We are encouraged to hope throughout life, hoping we get this teacher or that, that we get a spot on the team, a part in a play. We go on hoping for many things: a good job, nice friends, invitations to parties, pregnancy, promotion, recognition, fame, fortune, a luxury home, a safe home, the ability to make good choices, feel comfortable in our own skin, be appreciated, be loved.

It is perhaps central to life that we have hope.  But in order to have hope we need to have the belief that our hopes might come to pass. So we need to have faith. Faith gives substance to aspirations, allows us to believe in our dreams.

Faith isn’t always placed naturally or obviously. It is hard sometimes to know where to rest your soul. When it feels as though the world is demanding more than you can give it is especially so.

Some people, perhaps enviably, have an unshakable religious faith. This certain belief in someone being there through good and bad must bring strength. And comfort when that strength falters.

Some have faith in the universe; in forces beyond the realm of understanding but perhaps present nonetheless.

Faith in our family and friends, our practices, our ideas are paramount. The knowledge that people have our back, are in our corner, are rooting gives us confidence, gives us hope.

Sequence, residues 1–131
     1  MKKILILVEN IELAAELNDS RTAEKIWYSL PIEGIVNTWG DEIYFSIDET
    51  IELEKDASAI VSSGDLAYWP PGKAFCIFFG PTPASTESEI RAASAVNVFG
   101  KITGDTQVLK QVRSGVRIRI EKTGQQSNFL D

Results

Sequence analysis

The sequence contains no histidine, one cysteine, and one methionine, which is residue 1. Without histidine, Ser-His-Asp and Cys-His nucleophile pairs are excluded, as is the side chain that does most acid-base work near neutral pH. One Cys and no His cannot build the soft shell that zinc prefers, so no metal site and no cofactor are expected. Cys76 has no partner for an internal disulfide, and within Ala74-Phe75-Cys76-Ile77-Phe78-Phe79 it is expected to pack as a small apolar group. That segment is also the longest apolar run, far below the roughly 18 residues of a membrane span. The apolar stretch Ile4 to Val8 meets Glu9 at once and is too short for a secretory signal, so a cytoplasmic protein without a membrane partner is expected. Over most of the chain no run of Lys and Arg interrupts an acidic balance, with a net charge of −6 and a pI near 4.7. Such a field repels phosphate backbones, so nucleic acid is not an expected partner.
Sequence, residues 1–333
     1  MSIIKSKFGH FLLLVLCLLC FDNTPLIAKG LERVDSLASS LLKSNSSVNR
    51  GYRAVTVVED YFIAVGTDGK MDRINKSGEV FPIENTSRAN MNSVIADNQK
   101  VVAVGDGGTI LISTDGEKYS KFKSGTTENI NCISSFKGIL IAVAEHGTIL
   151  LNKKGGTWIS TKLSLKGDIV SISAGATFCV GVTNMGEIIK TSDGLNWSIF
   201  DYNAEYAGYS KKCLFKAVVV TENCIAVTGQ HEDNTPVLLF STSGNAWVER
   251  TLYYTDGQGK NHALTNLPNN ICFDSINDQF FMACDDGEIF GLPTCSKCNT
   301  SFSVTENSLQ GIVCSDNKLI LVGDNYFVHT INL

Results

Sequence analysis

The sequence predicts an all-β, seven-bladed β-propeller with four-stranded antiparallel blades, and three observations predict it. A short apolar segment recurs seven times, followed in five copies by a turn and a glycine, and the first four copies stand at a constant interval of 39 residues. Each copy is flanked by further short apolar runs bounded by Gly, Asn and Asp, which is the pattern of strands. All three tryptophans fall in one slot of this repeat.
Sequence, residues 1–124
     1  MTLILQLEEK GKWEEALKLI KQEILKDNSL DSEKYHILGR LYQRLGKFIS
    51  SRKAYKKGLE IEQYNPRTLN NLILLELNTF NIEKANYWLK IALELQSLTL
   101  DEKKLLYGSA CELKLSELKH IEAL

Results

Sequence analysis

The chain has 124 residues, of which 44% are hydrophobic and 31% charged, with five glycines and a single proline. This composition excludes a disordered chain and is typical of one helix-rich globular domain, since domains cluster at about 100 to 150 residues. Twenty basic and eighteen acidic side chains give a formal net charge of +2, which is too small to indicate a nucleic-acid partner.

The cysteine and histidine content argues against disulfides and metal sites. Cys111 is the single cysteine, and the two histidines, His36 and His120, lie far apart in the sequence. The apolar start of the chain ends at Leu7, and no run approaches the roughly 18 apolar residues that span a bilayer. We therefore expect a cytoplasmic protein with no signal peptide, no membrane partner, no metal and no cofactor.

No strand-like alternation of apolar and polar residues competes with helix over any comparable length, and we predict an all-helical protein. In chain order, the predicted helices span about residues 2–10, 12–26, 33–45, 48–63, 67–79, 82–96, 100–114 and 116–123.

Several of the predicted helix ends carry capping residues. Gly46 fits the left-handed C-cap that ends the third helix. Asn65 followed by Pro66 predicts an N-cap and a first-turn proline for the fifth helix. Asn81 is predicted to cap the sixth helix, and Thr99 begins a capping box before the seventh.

More than anything though we need to maintain faith in ourselves. We need to believe in our value, our worth. No-one else can give us the ability to say ‘I am great, just as I am.’ (Unless you are Bridget Jones in which case Mark Darcy seems to get close.) In this digital age, no number of likes or clicks or shares can equal the moment when we hold our head high with love.

This is so often what depression robs us of – remembering that. Faith and hope can get bound-up, buried so deeply beneath a blanket of fear, memories of past failures, guilt, remorse, indecision, self-consciousness, that it becomes an endless cycle of negativity from which emergence feels impossible.

But there are moments when the impossible recedes, the fog clears and our eyes are bright. These are the moments to hang on to, to file away and revisit. They form a kind of internal library and if we cherish them they can become building blocks, a staircase by which to haul ourselves out.

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Thank you to my wonderful friend Heidi for sending this picture featuring the amazing work of Nathan Sawaya. She knows me well. (I wish I’d been there to view it with you.) The caption reads:   ‘Sometimes when you’re looking for a step-up you don’t have to look any further than yourself. We’re all capable of more than we think.’